- Meeting abstract
- Open Access
Stapled haemorrhoidopexy (PPH, longo technique) in the elderly
© Spirch et al; licensee BioMed Central Ltd. 2009
- Published: 1 April 2009
- Equivalent Result
- Prefer Type
- Susceptible Patient
- Haemorrhagic Complication
- Anal Pain
Compare two groups of patients, ≥70 years old and <70 years old, diagnosed with III–IV grade haemorrhoids that underwent stapled haemorrhoidopexy.
Between May 2001 and September 2008, 273 patients underwent stapled haemorrhoidopexy (PPH Ethicon-EndoSurgery®). The database has been ordered in two groups: the first composed of 29 patients (10.6%) aged ≥70, while the second composed of 244 patients aged <70. The preferred type of anaesthesia was spinal with sedation (90.8%), associated with elastomeric pump of NSAIDs during the first 24 hours. The two groups were compared in order to verify their homogeneity: no significant differences were found neither in the distribution of the grade of the disease, nor in the spectrum of symptoms (P >> 0.05). Because of the comorbidity in the elderly, the stratification of the ASA risk was different (P < 0.0001).
The procedure was performed in day surgery, with an average length of stay of 1 day, in the 75% of the patients of the first group and in the 92% of the second group; the analysis of the surgical performance of this technique, regarding the timing and the use of haemostatic stitches, showed no significant differences between the two groups (P >> 0.05). Early haemorrhagic post-operative complications were 6/273, all of them occurred in the second group and 5/6 (83.3%) required surgical review. Late haemorrhagic complications were 9/273, of which 1 occurred in the first group; the management of the late haemorrhages required surgical review in the 44.5%, and blood transfusion in the 30%. During the first post-operative week occurred several cases of significant anal pain, tenesmus, faecal urgency and two cases of haemorrhoidal thrombosis. During the follow-up, lasted on average for 3.6 years, we observed 3 relapses (10.3%) among the first group and 21 relapses (8.6%) among the second. 18 patients of the first group (62%) and 124 of the second (50.8%) remained totally disease-free.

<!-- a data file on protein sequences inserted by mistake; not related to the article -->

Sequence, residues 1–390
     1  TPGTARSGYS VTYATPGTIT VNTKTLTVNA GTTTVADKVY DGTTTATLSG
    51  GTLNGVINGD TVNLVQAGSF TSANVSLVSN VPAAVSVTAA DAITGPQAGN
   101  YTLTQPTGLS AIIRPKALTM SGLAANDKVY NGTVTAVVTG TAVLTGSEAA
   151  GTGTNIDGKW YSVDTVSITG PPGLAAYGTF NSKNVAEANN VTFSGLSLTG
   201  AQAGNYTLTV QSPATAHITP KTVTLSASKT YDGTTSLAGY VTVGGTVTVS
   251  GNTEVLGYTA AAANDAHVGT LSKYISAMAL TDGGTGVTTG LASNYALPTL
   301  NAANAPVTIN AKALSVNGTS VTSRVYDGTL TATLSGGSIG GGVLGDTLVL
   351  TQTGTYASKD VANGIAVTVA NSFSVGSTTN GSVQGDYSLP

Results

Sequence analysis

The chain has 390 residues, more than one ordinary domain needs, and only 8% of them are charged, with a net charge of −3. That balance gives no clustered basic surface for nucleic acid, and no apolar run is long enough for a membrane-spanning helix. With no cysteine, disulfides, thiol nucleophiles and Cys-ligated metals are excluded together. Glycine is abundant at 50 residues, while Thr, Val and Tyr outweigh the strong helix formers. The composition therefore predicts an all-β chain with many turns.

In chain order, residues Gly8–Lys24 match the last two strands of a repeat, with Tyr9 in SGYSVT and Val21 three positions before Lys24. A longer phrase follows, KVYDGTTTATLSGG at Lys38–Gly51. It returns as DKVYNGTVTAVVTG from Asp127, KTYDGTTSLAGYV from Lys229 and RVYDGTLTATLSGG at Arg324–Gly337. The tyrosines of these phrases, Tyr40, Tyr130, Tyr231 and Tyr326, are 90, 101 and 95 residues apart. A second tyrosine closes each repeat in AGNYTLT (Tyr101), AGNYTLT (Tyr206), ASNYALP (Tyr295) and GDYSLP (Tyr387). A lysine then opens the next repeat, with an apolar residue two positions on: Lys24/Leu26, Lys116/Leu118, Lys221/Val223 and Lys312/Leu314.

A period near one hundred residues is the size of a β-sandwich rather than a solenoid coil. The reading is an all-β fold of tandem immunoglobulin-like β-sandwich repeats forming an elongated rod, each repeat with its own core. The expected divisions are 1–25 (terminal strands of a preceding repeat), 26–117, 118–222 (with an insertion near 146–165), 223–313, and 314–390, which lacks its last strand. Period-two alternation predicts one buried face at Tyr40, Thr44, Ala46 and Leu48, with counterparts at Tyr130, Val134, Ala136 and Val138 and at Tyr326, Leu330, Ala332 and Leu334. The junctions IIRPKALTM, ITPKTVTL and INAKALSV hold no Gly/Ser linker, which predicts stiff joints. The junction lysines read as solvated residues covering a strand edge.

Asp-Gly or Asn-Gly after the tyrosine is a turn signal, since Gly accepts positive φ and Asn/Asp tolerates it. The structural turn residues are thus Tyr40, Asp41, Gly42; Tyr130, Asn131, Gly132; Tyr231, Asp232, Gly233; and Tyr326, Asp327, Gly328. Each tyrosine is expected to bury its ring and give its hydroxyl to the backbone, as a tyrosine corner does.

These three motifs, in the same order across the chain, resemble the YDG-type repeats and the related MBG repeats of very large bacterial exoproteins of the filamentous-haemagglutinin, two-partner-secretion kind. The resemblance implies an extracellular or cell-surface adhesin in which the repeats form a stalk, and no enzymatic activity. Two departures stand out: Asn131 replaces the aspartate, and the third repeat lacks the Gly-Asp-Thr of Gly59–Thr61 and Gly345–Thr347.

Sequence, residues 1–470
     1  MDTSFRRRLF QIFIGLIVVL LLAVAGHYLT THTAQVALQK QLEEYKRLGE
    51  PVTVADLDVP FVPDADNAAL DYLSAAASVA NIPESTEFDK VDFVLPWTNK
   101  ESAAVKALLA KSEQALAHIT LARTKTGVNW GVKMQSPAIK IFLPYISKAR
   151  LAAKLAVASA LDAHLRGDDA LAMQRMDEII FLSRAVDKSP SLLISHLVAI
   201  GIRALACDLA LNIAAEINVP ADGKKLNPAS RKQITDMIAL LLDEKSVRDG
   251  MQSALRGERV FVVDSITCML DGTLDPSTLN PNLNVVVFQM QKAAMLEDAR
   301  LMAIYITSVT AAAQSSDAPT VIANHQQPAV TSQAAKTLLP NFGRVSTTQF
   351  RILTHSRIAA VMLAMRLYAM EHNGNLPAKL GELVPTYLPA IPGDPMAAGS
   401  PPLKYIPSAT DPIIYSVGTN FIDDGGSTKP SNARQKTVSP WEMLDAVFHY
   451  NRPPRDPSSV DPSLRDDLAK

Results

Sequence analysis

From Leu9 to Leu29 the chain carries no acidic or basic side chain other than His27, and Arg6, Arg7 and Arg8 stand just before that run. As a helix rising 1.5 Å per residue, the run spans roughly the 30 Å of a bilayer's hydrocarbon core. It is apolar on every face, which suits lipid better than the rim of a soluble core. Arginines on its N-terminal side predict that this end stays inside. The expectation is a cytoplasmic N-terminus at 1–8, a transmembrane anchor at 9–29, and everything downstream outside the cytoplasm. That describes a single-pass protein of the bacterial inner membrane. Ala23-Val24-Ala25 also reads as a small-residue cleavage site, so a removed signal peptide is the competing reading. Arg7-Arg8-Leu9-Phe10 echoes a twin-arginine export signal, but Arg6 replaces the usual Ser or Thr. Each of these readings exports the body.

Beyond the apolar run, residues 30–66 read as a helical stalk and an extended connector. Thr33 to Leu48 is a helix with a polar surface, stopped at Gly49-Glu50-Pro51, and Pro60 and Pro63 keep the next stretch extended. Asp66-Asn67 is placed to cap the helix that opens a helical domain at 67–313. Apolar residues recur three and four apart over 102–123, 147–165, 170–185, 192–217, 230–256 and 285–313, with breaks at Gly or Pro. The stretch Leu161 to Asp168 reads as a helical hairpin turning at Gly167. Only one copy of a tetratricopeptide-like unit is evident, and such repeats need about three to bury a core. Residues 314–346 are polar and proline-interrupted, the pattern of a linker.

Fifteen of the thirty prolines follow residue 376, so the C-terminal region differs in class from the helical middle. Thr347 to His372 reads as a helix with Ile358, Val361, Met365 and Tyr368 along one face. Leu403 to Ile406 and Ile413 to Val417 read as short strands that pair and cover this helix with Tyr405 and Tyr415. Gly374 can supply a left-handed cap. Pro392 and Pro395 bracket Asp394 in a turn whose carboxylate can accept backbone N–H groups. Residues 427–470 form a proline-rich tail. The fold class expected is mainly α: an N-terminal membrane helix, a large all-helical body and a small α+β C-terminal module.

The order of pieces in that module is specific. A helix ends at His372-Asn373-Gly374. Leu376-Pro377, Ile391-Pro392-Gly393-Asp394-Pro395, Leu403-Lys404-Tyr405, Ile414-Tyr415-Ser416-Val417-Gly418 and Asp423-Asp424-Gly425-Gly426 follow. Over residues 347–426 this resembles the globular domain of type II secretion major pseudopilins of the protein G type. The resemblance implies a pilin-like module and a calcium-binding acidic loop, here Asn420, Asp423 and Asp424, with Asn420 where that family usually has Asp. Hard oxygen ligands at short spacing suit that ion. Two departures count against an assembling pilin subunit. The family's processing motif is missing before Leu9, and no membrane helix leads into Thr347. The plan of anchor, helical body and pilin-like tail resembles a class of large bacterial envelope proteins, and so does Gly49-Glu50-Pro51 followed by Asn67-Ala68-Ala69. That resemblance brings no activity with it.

Haemorrhoidal disease, although tending to relapse among susceptible patients, can be effectively treated with stapled haemorrhoidopexy (PPH). Thanks to a several years' follow-up, our experience shows an assessment of the long-term results of this technique, focusing particularly on the comparison between the results in the elderly and in younger patients. Longo technique is usually well tolerated by all the patients, even though not totally pain-free in the early post-operative follow-up (first week). This procedure can be performed safely in the elderly as well as in the younger patients with equivalent results.
This article is published under license to BioMed Central Ltd.